Tag Archives: power pole

Power pole along old Wheaton awfully close to driveway

The in basket: Pete Wimmer of Silverdale e-mailed to say, “A couple of weeks ago, I went to dinner at RimNam Thai Cuisine on Wheaton Way and noticed that one of the power poles was placed in the new driveway or the new driveway was set around the pole.

“No matter which came first, this seems to be an accident waiting to happen,” he said. “Can you find out if it is in specifications and if they are going to add more markings to the pole to warn drivers?”
The out basket: This is part of the improvements to Old Wheaton Way that widened the water-side sidewalk. There are three short power poles fairly close to the curb cuts that denote future driveways near the Thai restaurant (the former Bay Bowl) and it does seem that the pole closest to the business’ front door could pose a collision hazard to a careless driver turning right into the restaurant’s driveway without slowing down enough.

It’s not in the driveway, just right beside it.

Tom Knuckey of the city’s engineering staff says,  “After looking into this, we’ve concluded that while the location of the power pole is not ideal, it will need to remain where it is.

“The issue is that alternatives for locating the pole were constrained by the wire span and pole height which limited our options during construction, and while the pole would ideally have been sited away from the driveway approach wing, it is OK to have it in the right-of-way at that location.

“If the adjacent business contacts us to request revisions, we’ll likely look at providing a reflector of some sort on the pole,” he said.

Bucklin Hill power pole work not finished

The in basket: I took Bucklin Hill Road in Silverdale the other day just to check out the new power poles that were installed, closing that major thoroughfare to traffic for much of a recent week.

I noticed that each has an array of three arms at their tops with no wires suspended from them. Three lower arms carry the wires the smaller poles on each side of the new ones carry.

I wondered if Puget Sound Energy was planning way into the future or perhaps a power upgrade is coming.

The out basket: Akiko Oda of PSE says six more new poles are coming to Bucklin Hill Road in March, and they’ll match the poles installed during the closure. The three upper arms then will be put to use.

The remaining work will require closing only one lane, she said, with flaggers directing alternating traffic through the closure.

That still leaves a year of complete closure where Bucklin Hill Road crosses Clear Creek beginning this July. The recent closure served as a test of how drivers will adjust to that.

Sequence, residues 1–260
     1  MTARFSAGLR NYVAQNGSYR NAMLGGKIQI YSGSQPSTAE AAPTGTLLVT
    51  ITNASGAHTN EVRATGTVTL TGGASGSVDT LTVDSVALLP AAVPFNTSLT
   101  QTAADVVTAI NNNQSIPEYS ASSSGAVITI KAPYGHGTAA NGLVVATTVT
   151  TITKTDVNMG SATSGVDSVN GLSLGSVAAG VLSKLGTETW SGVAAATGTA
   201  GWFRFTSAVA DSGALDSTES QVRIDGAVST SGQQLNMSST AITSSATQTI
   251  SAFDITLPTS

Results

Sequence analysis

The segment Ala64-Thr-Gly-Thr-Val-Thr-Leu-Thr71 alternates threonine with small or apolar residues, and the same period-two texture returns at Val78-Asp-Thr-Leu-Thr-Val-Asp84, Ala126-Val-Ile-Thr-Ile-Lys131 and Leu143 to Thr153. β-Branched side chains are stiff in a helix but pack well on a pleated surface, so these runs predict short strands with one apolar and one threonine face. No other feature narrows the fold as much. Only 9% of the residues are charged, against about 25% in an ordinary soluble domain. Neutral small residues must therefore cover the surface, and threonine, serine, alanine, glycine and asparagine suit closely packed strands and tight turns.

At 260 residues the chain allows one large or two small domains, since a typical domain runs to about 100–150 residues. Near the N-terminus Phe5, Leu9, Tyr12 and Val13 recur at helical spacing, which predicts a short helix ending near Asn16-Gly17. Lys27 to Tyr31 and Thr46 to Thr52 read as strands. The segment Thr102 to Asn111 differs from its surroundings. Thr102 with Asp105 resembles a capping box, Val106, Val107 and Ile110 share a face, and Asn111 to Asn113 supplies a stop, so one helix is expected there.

I stayed away from the area of the closure while it was happening, but the traffic between Highway 303 and Costco uphill from it didn’t seem much affected. Nor did I hear much of an outcry from drivers. What say you, readers?

Do owners of damaged roadside equipment seek compensation?

The in basket: Jack Johnson writes, “I would like to know the policy when an accident occurs which causes damage to property either of the state, city or county (i.e. guard rails, culverts, signs, etc.) Also when damage is done to utilities such as phone, power or water (i.e. phone pedestals, power poles and hydrants). I see them all the time working on repairs after accidents. If the driver does not have to pay, they should!”

The out basket: I checked with three of the entities about which Jack asked – Kitsap County, the state Department of Transportation and Puget Sound Energy.

All said they make a concerted effort to collect damages from drivers or others who damage their property.

“We work with our risk management team, and the responsible party and/or their insurance agency, much like everyone else does when an accident happens,” said Doug Bear of Kitsap County Public Works. “We are generally successful in recovering damages from the responsible party.”

Lisa Copeland of the state DOT said, “If we know who do did the damage, we bill them. We ask for compensation for damage to any of our state property plus wages for maintenance employees, incident response team and public information labor hours associated to the incident.”

Dorothy Bracken of Puget Sound Energy says her company goes to small claims court, if necessary. “We do pursue vigorously anyone who damages our equipment,” she said. “We work with the responding police agency and acquire the police report. We’ll pursue the owner of the car, but prefer to pursue the driver.

“We have one a day of these, vehicles striking our equipment, throughout our (multi-county) service area,” she said. “It’s the most  common type of damage on our electric system.”

Someone may be in for a large bill or insurance claim following Monday’s car/pole accident near Manchester that knocked power out for 12 hours in the area and required replacement of the pole. Scott Wilson of the Kitsap County Sheriff’s Office said a driver who had been sent home from work due to illness lost consciousness at the wheel and hit the pole in his truck. He wasn’t badly hurt, but between the costly pole and all the man hours for restoring the pole and traffic control, PSE and the county could be looking for thousands of dollars in compensation. The driver also may get a $550 ticket for negligent driving, Scott said.

As an aside, Dorothy  says broken mains from excavation are the most common type of damage on the natural gas side of the company. She said state law allows PSE to recover triple damages for such a mishap.

That assumes the offender didn’t call the “Call before you Dig” phone line to get the utilities in the area marked by paint on the ground or street, or did call but the maps the markers used were in error and didn’t show anything where the line was damaged.